Other parts of this series:
FS knows it needs to recalibrate its workforce for a digital AI-driven future, but it is slow to move out of the starting blocks. FS is not ready, nor is its workforce. Much of the delay has to do with a lack of clarity in terms of the capabilities and characteristics such a workforce will need. Grit, a growth mindset, emotional intelligence, creativity, innovation … these soft skills will be hardest to grow.
Humans and machines can amplify each other’s abilities but soft skills—human skills—will be the future differentiators.
The future of work has four defining features: it is human and digital, cooperative and collaborative, knowledge and task-based, and flexible and fluid. It requires a tech-capable, responsive and adaptive workforce.
To thrive in a digital environment, a number of attributes are vital: motivation, mindset, and the ability to interact productively, make complex decisions and continuously learn new skills. I believe a growth mindset, characterised by resilience, adaptability and grit, underpins all other skills needed for the FS workforce to navigate the changing world of work successfully. Emotional intelligence provides a compass.
While most education systems arm graduates with the cognitive skills required for entry into the workplace, it is the non-cognitive factors such as attitude, mindset, grit and emotional intelligence that will enable them to grow and flourish as part of an adaptive, responsive workforce.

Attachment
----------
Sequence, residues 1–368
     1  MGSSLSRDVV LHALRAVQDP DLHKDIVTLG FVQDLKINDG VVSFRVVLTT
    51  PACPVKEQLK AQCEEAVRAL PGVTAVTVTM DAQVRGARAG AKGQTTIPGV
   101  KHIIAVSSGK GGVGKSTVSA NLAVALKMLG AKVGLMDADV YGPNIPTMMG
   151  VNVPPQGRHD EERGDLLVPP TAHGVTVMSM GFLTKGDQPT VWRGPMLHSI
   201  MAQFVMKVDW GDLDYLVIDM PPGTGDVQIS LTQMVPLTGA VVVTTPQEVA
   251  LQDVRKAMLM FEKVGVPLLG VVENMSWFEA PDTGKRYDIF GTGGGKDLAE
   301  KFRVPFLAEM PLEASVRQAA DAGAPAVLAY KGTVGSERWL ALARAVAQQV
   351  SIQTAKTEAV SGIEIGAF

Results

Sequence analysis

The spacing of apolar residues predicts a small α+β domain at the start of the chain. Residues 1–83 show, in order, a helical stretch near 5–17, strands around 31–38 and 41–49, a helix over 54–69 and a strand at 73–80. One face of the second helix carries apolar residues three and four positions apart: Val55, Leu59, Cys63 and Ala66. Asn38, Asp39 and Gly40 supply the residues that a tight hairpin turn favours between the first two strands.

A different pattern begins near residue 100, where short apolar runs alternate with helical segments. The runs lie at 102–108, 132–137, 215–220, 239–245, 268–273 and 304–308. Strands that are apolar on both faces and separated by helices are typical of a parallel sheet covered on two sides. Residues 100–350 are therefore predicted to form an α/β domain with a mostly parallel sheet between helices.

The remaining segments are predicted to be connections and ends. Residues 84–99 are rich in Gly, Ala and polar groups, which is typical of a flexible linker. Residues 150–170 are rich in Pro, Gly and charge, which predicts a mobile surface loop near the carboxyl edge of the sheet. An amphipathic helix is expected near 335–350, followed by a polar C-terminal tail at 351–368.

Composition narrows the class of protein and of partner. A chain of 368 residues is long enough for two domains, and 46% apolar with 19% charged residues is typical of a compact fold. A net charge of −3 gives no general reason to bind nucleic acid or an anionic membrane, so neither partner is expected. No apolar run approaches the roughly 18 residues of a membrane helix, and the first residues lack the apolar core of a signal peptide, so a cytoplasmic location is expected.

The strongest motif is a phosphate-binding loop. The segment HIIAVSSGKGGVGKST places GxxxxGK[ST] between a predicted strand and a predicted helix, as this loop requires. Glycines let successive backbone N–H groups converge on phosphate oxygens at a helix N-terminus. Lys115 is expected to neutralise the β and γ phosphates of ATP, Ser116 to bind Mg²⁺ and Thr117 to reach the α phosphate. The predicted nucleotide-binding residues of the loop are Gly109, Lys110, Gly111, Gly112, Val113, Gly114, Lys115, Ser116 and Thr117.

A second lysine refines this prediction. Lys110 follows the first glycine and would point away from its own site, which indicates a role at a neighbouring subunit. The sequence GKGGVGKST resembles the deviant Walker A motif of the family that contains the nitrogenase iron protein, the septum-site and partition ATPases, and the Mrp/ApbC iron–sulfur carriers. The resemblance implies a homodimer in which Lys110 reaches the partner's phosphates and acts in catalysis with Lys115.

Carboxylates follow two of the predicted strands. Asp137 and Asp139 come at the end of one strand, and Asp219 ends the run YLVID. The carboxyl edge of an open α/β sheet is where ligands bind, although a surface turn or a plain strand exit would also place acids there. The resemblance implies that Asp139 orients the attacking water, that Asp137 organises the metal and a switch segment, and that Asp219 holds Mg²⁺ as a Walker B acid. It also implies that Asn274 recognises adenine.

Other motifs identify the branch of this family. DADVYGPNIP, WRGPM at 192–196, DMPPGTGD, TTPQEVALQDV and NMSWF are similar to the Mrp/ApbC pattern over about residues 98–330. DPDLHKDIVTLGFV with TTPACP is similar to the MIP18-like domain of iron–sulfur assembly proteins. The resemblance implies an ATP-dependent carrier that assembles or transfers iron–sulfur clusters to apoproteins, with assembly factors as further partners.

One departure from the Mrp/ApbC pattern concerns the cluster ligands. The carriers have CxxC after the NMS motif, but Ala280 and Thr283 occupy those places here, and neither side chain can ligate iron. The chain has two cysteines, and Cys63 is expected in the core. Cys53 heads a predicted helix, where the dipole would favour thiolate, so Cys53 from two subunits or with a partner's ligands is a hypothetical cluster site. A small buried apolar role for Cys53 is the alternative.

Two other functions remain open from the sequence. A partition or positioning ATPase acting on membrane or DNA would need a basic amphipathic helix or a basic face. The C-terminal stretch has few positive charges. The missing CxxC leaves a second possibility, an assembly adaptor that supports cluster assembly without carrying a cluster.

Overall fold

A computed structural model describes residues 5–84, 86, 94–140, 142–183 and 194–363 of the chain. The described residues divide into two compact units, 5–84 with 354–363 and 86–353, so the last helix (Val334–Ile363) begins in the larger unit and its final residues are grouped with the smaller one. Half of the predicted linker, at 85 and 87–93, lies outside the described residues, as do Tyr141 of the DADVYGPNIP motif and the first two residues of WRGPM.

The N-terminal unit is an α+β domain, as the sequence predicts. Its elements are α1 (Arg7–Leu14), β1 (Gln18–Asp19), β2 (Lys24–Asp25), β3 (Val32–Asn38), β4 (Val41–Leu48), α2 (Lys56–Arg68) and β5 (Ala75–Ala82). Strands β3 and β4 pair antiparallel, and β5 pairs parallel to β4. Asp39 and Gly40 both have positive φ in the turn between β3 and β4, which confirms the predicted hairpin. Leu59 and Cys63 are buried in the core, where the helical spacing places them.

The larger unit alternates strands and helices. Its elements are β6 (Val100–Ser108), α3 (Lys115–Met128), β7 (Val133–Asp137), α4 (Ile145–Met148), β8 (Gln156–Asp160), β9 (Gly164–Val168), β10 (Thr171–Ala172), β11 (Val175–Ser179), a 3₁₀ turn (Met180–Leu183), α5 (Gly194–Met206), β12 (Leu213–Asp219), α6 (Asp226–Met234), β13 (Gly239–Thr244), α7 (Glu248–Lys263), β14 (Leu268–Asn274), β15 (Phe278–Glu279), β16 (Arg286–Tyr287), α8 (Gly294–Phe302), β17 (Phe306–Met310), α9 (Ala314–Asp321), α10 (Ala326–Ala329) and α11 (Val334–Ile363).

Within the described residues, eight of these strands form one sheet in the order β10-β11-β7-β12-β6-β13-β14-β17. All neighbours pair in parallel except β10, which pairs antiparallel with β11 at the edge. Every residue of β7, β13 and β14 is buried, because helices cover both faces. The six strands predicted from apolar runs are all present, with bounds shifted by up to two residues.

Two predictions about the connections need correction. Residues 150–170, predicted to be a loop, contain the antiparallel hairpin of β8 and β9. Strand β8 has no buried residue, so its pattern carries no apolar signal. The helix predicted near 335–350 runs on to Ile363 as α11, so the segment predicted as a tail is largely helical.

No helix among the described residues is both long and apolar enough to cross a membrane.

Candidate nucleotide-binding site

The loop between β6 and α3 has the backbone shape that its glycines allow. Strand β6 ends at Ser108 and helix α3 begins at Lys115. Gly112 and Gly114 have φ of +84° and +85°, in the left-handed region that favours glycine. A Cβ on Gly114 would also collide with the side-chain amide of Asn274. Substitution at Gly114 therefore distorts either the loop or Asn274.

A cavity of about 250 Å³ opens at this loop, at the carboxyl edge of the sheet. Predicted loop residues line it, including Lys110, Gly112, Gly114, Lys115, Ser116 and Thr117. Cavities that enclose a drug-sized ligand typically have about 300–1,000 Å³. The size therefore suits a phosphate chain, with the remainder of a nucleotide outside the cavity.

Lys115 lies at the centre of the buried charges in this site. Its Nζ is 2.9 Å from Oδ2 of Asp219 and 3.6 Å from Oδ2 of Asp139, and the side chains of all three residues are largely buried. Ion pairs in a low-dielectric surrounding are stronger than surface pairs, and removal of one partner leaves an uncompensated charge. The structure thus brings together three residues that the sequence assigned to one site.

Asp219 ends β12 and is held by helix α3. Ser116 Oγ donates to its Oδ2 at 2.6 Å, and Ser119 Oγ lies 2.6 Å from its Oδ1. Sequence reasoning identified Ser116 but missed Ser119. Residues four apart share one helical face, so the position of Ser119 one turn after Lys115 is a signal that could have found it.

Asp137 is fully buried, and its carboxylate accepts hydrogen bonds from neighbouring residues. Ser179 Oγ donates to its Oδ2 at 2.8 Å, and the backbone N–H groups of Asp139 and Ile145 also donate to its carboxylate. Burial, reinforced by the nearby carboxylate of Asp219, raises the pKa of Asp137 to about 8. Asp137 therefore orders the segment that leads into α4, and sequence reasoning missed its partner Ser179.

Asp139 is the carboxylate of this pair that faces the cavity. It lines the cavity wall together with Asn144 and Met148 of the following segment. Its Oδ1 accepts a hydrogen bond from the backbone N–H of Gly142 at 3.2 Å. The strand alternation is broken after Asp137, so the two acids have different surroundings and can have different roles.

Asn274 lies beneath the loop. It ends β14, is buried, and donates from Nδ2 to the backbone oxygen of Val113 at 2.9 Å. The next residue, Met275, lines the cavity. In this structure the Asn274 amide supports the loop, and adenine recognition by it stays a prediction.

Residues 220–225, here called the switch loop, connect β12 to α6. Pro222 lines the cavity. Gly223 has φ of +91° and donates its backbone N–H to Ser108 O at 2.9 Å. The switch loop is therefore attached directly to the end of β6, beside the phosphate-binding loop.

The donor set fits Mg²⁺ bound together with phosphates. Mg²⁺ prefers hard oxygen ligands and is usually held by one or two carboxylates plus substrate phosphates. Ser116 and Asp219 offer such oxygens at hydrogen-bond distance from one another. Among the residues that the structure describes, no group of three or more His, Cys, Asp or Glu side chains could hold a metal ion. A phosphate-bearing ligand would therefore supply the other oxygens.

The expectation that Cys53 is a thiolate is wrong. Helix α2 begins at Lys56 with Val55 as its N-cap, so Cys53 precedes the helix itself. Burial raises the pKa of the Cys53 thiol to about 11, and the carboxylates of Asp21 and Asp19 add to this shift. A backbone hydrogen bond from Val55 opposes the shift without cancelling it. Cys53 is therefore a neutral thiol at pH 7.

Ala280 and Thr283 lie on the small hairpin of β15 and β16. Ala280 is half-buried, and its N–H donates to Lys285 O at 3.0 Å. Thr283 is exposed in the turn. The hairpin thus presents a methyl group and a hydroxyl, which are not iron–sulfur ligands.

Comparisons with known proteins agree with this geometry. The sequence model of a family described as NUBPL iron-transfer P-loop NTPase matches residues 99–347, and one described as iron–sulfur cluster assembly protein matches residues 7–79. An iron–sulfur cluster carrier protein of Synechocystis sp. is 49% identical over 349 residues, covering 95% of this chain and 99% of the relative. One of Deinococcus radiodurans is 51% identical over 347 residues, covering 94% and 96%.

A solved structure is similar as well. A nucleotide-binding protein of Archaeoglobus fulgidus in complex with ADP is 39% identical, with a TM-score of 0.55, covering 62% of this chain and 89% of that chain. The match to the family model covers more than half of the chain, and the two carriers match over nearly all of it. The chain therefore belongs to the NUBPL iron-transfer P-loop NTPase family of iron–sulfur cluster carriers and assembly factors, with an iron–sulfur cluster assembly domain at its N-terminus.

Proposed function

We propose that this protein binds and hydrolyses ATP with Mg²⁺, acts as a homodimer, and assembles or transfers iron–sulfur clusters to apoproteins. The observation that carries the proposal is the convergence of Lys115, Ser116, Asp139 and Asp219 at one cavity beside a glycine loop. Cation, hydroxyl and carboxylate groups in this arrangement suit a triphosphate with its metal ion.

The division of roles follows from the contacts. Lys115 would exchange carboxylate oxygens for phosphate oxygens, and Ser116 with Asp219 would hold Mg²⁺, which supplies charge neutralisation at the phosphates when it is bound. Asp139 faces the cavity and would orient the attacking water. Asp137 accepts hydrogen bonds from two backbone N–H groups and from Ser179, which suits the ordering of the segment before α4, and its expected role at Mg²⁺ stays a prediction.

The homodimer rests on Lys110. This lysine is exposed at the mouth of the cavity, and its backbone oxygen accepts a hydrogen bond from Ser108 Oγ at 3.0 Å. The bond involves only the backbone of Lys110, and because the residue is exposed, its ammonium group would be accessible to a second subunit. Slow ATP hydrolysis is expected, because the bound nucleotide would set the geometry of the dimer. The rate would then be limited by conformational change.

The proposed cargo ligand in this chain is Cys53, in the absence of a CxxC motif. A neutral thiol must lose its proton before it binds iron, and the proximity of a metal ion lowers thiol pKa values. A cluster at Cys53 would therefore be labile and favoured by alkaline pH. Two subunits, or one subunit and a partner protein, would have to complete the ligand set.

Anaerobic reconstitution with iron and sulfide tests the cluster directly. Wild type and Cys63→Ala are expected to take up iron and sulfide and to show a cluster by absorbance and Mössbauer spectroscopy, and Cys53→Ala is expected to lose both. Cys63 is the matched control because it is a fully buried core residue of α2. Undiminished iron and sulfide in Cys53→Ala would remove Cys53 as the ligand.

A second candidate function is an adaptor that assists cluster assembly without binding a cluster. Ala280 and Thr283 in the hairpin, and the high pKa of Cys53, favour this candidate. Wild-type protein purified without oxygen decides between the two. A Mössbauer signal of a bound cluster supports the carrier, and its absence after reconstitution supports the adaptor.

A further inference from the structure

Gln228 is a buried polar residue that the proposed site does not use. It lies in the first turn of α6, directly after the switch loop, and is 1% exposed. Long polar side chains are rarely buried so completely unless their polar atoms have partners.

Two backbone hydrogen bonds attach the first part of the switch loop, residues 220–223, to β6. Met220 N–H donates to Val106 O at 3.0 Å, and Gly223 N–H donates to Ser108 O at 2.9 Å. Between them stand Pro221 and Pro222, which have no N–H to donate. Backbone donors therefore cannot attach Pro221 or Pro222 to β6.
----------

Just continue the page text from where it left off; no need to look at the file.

- People with a growth mindset believe that their skills, intelligence and competence can be cultivated; they love learning and prize progress over perfection.
- Grit is staying power, tenacity, perseverance despite obstacles and failures.
- Emotionally intelligent people are aware of the emotions and feelings of others and able to use this perception to guide their thinking and actions to achieve desired outcomes.
These characteristics are very necessary—and a distinct advantage—in a digital economy where individuals and teams are self-led; change is constant; iterative outcomes and quick wins are preferred to long development cycles; and collaboration in small, rapidly-forming, multi-disciplinary and borderless teams is the way work is increasingly structured.
To build these skills and put them to work to optimise business performance, FS organisations need to gain a better understanding of these skills and what it is that humans do best, then reimagine and redesign work to enable people to put these skills to best use.
Accenture’s New Skills Now taxonomy defines the new categories of skills a workforce of the future will need.
Hope you have enjoyed this short series highlighting the advantage that human skills bring in the human-machine equation. Contact us if you would like to discuss how AI will impact your organisation and how you can maximise your human advantage.